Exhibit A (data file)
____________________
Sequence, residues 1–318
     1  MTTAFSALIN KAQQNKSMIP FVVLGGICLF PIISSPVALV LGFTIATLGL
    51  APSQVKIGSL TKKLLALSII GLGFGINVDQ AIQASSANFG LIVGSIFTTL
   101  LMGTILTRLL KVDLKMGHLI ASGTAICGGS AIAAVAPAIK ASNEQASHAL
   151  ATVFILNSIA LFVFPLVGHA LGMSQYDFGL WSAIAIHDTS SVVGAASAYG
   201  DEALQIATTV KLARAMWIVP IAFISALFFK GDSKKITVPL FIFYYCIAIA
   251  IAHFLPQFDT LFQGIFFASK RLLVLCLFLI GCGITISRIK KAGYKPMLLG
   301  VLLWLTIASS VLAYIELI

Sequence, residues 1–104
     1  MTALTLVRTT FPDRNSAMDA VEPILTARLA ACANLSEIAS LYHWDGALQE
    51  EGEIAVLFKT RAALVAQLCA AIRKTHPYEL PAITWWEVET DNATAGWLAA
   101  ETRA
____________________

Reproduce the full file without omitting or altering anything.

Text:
Sequence, residues 1–318
     1  MTTAFSALIN KAQQNKSMIP FVVLGGICLF PIISSPVALV LGFTIATLGL
    51  APSQVKIGSL TKKLLALSII GLGFGINVDQ AIQASSANFG LIVGSIFTTL
   101  LMGTILTRLL KVDLKMGHLI ASGTAICGGS AIAAVAPAIK ASNEQASHAL
   151  ATVFILNSIA LFVFPLVGHA LGMSQYDFGL WSAIAIHDTS SVVGAASAYG
   201  DEALQIATTV KLARAMWIVP IAFISALFFK GDSKKITVPL FIFYYCIAIA
   251  IAHFLPQFDT LFQGIFFASK RLLVLCLFLI GCGITISRIK KAGYKPMLLG
   301  VLLWLTIASS VLAYIELI

Sequence, residues 1–104
     1  MTALTLVRTT FPDRNSAMDA VEPILTARLA ACANLSEIAS LYHWDGALQE
    51  EGEIAVLFKT RAALVAQLCA AIRKTHPYEL PAITWWEVET DNATAGWLAA
   101  ETRA